Saturday, December 29, 2007

Lost - Now Found

This year I decided to research the lineage of our sons-in-law for their birthday presents. The effort has been a big hit with them and their extended families.

During their holiday family gatherings, they shared their lineal information and in some cases the wall charts they'd had printed at BYU with their families. Everyone was delighted to see the information. In fact, exploration of the data took over the conversation.

As they poured over the data, different family members found that I had missed some of their lineage. In one case, the chief of a large Indian Nation was missed along with four generations of his descendants. In another case, another Native American branch was missing.

I didn't find this information because it wasn't listed in the resource documents and websites that I use for research. The lineages probably would have remained blank except for the knowledge of different members of each of these families. In one case, a brother said, "Part of this line is missing! Mom, do you remember that old book you have in storage? It lists our Indian ancestry!" They found the book, dusted it off and indeed, the missing lineage was listed on the pages.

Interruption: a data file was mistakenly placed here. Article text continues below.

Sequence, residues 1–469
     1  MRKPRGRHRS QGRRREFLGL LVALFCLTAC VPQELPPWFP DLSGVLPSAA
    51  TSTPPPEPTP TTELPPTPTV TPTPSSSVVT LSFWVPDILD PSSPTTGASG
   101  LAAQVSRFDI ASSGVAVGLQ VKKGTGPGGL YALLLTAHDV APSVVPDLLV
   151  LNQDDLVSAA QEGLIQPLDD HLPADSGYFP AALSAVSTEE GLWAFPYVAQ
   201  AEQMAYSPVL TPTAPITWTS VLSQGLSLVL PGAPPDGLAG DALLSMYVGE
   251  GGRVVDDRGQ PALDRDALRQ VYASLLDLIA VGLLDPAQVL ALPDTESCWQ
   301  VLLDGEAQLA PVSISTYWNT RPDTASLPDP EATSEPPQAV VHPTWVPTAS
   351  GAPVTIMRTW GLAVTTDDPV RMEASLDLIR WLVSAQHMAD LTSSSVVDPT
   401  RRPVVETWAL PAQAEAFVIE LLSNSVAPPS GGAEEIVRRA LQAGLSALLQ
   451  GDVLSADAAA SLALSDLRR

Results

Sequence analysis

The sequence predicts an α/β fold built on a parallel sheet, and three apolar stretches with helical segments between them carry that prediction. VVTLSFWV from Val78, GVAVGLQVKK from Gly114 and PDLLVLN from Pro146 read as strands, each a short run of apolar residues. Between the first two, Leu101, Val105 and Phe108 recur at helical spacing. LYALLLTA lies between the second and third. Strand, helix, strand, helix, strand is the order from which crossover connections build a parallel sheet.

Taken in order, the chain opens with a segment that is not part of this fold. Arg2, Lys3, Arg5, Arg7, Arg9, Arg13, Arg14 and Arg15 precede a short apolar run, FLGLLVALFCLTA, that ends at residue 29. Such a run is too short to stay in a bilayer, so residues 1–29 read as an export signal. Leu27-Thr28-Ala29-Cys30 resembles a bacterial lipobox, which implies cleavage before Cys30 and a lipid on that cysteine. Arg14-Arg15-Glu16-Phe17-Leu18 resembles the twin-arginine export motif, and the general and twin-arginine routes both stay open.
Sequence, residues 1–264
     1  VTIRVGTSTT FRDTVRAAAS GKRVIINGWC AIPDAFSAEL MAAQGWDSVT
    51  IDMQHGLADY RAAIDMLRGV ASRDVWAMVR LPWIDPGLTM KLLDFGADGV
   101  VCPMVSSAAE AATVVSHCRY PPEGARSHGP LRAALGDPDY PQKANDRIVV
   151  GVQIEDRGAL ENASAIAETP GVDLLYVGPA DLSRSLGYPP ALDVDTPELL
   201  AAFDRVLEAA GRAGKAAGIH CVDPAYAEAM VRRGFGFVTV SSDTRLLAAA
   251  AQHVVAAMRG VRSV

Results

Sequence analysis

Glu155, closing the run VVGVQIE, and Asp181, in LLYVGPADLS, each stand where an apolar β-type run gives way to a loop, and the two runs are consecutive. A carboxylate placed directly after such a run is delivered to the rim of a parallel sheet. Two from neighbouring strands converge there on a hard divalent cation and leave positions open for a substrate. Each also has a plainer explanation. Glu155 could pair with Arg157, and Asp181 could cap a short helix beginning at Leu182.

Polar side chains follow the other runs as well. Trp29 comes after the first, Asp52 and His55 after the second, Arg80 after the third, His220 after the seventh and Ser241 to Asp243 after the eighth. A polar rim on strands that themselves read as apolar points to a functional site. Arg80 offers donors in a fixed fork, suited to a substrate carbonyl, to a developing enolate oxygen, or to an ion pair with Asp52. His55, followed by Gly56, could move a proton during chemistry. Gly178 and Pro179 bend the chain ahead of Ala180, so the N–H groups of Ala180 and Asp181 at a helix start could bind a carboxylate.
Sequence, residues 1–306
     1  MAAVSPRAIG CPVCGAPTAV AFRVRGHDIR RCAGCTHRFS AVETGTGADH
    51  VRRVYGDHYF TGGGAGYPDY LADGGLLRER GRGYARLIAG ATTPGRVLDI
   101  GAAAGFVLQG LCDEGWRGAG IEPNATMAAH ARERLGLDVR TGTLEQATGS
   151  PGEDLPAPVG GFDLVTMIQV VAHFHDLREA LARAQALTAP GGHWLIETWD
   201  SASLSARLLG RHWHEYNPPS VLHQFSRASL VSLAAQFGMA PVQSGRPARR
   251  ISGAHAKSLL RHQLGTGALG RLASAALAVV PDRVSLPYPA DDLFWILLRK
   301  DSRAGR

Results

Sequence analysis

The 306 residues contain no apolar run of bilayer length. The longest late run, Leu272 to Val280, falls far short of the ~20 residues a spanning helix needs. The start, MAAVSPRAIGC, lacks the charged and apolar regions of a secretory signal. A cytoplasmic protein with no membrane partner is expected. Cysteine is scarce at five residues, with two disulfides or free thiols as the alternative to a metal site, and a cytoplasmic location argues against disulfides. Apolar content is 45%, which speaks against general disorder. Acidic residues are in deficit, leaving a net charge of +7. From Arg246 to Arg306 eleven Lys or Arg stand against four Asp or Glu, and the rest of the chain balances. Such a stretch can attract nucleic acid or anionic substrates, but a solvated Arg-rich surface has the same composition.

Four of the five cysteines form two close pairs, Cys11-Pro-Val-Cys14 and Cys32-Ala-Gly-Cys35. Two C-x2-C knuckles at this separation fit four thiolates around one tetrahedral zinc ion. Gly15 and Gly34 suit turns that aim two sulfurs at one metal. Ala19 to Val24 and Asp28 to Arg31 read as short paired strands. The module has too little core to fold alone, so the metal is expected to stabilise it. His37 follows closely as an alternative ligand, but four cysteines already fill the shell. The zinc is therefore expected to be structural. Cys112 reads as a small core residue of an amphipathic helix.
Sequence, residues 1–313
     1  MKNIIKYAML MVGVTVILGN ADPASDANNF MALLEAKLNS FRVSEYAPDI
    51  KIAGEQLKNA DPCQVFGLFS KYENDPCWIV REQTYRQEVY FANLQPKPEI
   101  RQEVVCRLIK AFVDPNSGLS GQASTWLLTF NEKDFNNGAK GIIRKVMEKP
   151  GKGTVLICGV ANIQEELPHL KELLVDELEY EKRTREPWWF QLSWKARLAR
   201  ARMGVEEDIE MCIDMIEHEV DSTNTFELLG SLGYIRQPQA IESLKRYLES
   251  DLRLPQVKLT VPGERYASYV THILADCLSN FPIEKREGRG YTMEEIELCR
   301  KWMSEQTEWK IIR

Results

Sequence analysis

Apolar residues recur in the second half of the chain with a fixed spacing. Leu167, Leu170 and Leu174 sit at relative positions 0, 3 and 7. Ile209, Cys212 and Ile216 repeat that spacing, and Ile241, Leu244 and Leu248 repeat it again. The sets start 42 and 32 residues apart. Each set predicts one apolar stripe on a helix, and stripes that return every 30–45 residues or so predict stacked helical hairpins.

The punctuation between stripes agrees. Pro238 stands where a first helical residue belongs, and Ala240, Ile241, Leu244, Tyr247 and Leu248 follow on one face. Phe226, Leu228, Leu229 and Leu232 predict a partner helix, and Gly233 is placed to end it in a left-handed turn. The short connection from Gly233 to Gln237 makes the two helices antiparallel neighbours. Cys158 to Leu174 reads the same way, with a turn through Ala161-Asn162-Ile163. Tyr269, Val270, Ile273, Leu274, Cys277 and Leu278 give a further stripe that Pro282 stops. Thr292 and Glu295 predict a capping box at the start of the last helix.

The assembled work and charts had fulfilled my expectations. Entire families became interested in their lineage. They quickly organized themselves to continue their ancestral quest. Missing data, known only to one member of the group was 'found' again, even though it had long been in the possession of the family.

Such is the power of organized family research, be it an organization of siblings and parents or an organization of extended cousins. Collective research results always exceed the efforts of any single individual. Collectively viewing the information for accuracy, missing data and 'mining' of the group memory almost always results in brick walls being pulled down and light shining on family members long since lost to history.

If you haven't formed a family organization yet, now is the time to make it your New Years resolution.

An organization will help bring concentrated focus to missing individual and family records. Like concentrated rays from the sun through a magnifying glass, the concentrated efforts of members in the organization will be equally effective in burning through the thrash and clutter that hide the facts. It will expose the gems of truth that have 'always been there awaiting discovery' --- Lost - Now Found.


Lee said...

Where our family history is concerned, it seems my family is more into receiving than giving. I keep hoping someone in that bunch will develop an interest that goes beyond asking me every year or so if I've found anything interesting. I, of course, think all of it is interesting, so how am I suppose to answer that?